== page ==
From disability to blindness, the chronic impacts of neglected tropical diseases (NTDs) can be debilitating and stigmatizing — and they continue to mostly impact the world’s poorest and most marginalized populations. Women and girls often disproportionately feel the impacts of NTDs due to a variety of social, cultural, and economic factors. 

While women suffer from the debilitating effects and social consequences of NTDs, they are also playing a crucial role in the fight to beat these devastating diseases. From pioneering research efforts, to leading countries’ in their work to build sustainable NTD programming, many women are stepping up to lead the charge in controlling and eliminating NTDs. 

Supporting Homegrown Science


Pelagie analyzes mosquitoes for the presence of the parasite that causes a neglected disease called lymphatic filariasis. Photo Credit: Courtesy of Pelagie Boko-Collins

In Benin, entomologist Pelagie Boko-Collins saw a huge gap in the country’s approach to NTD research. 

“In Benin, I’d say 95 percent of our entomology research is focused on malaria vector control,” she said. “This field can’t just be malaria, malaria, and more malaria. Mosquitoes — they transmit so many other diseases.” – Pelagie Boko-Collins

In a country where nearly 4 million people were at risk of contracting lymphatic filariasis (LF), a disease transmitted by mosquitoes that can cause severe swelling and disability, much of the population is unaware of the disease and its effects. Through funding from USAID’s Coalition for Operational Research (COR-NTD) Program ‘African Researchers’ Small Grants Program’, Pelagie worked on a strategy for diagnosing LF that involves testing mosquitoes for the parasite in areas believed to no longer be endemic. This approach is a potential alternative to blood testing post-elimination, which is seen as invasive by some. Pelagie’s work helps create better diagnostics for LF and ensures communities better understand the disease.

Forging a Path for NTD Sustainability

Dr. Joyce Aryee, Ghana’s NTD Ambassador shares how national neglected tropical disease programs can become sustainable for the long term.
Photo Credit: Act to End NTDs West / FHI360

Dr. Joyce Aryee, Ghana’s NTD ambassador, knows well the importance of a holistic, sustainable approach to NTD programming. For the Ghana NTD program, multi-sector collaboration is essential for integrating NTD activities into Ghana’s national health system in order to better control and eliminate NTDs. USAID works with Ghana through the Act to End NTDs West program.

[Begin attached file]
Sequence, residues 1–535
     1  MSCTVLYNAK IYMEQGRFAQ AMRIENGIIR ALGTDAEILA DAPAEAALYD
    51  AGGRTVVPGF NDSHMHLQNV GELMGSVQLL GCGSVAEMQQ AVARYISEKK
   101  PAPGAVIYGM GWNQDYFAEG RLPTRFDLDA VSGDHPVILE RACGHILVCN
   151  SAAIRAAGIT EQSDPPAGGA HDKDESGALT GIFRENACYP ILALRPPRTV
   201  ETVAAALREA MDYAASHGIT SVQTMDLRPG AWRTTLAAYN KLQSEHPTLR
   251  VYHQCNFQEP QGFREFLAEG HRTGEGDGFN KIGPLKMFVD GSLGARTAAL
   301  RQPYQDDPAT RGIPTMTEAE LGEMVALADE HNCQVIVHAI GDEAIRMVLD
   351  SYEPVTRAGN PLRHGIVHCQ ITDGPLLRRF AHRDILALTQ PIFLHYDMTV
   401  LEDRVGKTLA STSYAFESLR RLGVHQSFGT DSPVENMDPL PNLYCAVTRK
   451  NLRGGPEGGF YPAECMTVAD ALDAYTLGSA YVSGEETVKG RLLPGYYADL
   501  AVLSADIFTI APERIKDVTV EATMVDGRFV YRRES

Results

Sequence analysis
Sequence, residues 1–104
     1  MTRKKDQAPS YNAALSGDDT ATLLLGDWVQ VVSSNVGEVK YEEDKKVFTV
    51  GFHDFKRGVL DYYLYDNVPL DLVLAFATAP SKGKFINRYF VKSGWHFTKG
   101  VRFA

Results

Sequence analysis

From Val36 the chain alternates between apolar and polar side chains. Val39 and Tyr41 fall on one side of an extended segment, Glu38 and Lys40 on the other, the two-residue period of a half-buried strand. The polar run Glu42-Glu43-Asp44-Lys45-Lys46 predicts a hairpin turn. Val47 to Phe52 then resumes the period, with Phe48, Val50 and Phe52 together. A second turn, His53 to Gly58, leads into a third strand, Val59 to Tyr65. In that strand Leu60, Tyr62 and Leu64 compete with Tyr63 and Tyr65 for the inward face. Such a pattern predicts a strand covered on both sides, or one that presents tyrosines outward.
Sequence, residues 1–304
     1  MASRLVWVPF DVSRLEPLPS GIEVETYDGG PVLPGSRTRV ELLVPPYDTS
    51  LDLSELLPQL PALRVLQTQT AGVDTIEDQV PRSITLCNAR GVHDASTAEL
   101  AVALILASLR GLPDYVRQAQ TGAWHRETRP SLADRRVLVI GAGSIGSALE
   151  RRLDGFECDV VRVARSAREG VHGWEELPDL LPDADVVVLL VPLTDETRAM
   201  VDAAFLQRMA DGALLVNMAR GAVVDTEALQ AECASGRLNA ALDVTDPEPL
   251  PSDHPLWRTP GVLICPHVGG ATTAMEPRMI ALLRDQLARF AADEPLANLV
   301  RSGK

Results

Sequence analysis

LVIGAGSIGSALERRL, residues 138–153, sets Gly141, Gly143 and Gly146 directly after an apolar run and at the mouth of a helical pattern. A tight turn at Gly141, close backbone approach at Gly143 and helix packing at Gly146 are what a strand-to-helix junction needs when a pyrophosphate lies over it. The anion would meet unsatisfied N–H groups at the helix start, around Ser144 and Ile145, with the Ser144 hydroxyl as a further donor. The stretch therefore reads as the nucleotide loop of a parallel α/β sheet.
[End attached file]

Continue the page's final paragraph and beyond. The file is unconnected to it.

“Through policy and through coordination with the ministries we will be able to overcome the incidences of the diseases.” – Dr. Aryee

Engaging with key stakeholders and sectors, Dr. Aryee has played a major role in increasing NTD visibility, with no plans of slowing down her efforts. This year she is continuing to raise the profile of Ghana’s NTD sustainability plan among government officials, other sectors, and international donors. 

Fighting NTDs at Home


Wita works as a monitoring & evaluation specialist on USAID’s Act to End NTDs | East program.
Photo Credit: RTI International

In Indonesia, where over 95% of community drug distributors (CDDs) are women, Wita Larasati has seen first-hand the important role women play in beating NTDs. As a monitoring and evaluation specialist for  USAID’s NTD programs in Indonesia , Wita understood the devastating impacts lymphatic filariasis (LF) had on her community. Yet, she felt a desire to do even more, believing it was her personal responsibility to play a part in ensuring the success of mass NTD treatment campaigns in her own community.

“Women play a key role in ensuring our families stay healthy. So it’s very important that women feel comfortable taking the treatment. As a woman, I know I can help to influence and educate my friends and neighbors to take the drugs and ensure their families do the same.” -Wita Larasati

 Knocking on her neighbors’ doors, Wita explained how and when to take the medications and the importance of taking the drug to prevent LF, even if one felt healthy. 

“Most women are out in their communities purely as volunteers. They not only contribute to drug distributions, but many also educate and support their communities on a wide variety of health issues…” – Wita Larasati

Wita’s own experiences as a CDD have shaped her work on the USAID Act to End NTD East program, helping to inform the training and supervision of mass drug administrations. 

Across the world, women are at the center of NTD progress. They are working tirelessly as government leaders, scientists, and trusted community volunteers in the fight to beat NTDs while helping minimize the devastating impact they have on the world’s poorest communities. Yet women are often still underrepresented in the NTD workforce, especially in leadership positions. It is clear that women are instrumental in the fight to beat NTDs — but there is opportunity to continue to empower, and bolster, women and girls in global efforts to eliminate NTDs.

Learn more about how USAID’s Act to End NTD East Program is working to facilitate more equitable, efficient, and effective NTD strategies and activities that encourage women’s active participation in NTD programming.

Authored by: Curran McSwigan, STAR Health Communications and Public Affairs Fellow